Swedish scientists reveal the meteorite’s surprising property

The Luleå researchers’ measurements with a thermal camera show that Ryugu is an extremely porous asteroid. Now the research must rethink. “This has significant consequences for science,” says Axel Hagermann at LTU.

After successful landings on Ryugu, Hayabusa-2 passed Earth in 2020. The Japanese satellite then dropped a probe with the dust that had been collected.

Luleå University of Technology was responsible for the calibration of the thermal imager that was present during the landings on Ryugu. It measured the thermal inertia of the material on the surface – and the researchers discovered that the stones cooled very quickly. It showed that Ryugu’s surface layer has more in common with a very porous material than one might have thought.

– It was an unexpected discovery. We knew that asteroids can be porous, but not to this degree – and this has significant consequences for science, says Axel Hagermann, professor of atmospheric science at Luleå University of Technology, to Ny Teknik.

He also participated in the work with the thermal imager on board the spacecraft that has revolved around the asteroid.

The latest study of LTU researchers has been published in Nature Astronomy. According to their calculations, a comparable porosity would be more than 70 percent, which Axel Hagermann describes as “a very fluffy material”. A comparable porosity of pumice is found, but the professor notes that the comparison is lame in that the pumice has a much higher mechanical strength than the material on Ryugu.

LTU’s heat measurements indicate that science must rethink the relationship between the most common type of asteroid – type C, and meteorites.

– We have previously believed that asteroids such as Ryugu have a connection to the meteorites called carbonaceous chondrites that we find on Earth, and which in themselves are very fragile. But our conclusion is that the material on Ryugu is so fragile that it would not survive an entry into the atmosphere. This means that the meteorites we find on Earth cannot consist of the same material, he says.

– We need to rethink and come up with new ideas as asteroids are obviously more diversified, and there are materials on the asteroids that we can not find on Earth, says Axel Hagermann.

“Pretty surprising”

He says that the visit surprised in many ways. Among other things, Ryugu has the shape of an asteroid that should rotate much faster than it does. Another area is that Ryugu has materials and boulders with very different porosity mixed. This means that the planet’s body was in various stages of consolidation when it was destroyed by a collision.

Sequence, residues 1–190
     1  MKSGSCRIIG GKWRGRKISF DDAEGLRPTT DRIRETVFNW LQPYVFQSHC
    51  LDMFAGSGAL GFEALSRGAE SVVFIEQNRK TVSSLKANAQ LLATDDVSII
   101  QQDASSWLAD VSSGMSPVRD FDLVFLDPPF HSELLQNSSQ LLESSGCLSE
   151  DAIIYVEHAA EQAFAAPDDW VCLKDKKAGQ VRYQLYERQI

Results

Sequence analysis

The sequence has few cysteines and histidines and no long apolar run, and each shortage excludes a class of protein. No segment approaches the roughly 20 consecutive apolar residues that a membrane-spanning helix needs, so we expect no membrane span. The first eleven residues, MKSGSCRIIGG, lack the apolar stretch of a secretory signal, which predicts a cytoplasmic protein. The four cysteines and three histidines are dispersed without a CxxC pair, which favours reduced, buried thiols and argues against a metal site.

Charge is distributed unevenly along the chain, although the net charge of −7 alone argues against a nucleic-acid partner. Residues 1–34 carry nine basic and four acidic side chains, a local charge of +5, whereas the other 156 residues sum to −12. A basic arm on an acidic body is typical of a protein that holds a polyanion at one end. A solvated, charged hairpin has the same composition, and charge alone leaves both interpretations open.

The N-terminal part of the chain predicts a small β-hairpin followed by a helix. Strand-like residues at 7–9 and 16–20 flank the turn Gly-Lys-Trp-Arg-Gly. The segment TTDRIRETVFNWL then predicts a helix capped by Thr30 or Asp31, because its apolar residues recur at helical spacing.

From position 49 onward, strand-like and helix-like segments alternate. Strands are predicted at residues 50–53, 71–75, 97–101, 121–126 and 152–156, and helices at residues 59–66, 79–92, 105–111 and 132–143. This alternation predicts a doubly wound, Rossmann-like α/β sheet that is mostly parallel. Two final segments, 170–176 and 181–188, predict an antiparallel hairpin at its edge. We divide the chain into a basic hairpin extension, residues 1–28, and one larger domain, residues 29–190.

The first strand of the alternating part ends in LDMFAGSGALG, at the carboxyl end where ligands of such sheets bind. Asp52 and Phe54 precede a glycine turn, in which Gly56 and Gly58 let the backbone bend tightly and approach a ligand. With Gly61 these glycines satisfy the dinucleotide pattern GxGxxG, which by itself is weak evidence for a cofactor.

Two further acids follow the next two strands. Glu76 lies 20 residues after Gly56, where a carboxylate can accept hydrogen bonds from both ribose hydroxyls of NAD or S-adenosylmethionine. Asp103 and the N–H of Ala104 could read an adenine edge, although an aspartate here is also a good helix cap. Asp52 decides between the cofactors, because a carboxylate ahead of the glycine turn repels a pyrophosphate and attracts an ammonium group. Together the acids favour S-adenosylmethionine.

Asteroids consist of remnants of planetesimal, the very early building blocks that formed the solar system. Collisions between larger bodies have thrown away materials which are then attracted to each other and form the asteroids. They can be described as rubbish heaps, with debris from different places.

– When Ryugu broke loose, that body must have begun to form a denser material in the core, and the material we see on the surface today originates from both the inside and the outside. We see material at different degrees of consolidation, which is quite surprising. We can also see what are parts of the mantle from early bodies. Finding all those kinds of materials in a body is quite unusual, he says.

Axel Hagermann believes that we now need to rethink how we explore asteroids, and realize that size is not everything when it comes to the bumblebees that can threaten the earth.

– There is a lot of talk about mining on asteroids, and we must be prepared for a wide range of materials. We must also think new about how to dispel meteorites that have these properties so that they do not hit the earth, says Axel Hagermann.

Source: Nyteknik – Senaste nytt by www.nyteknik.se.

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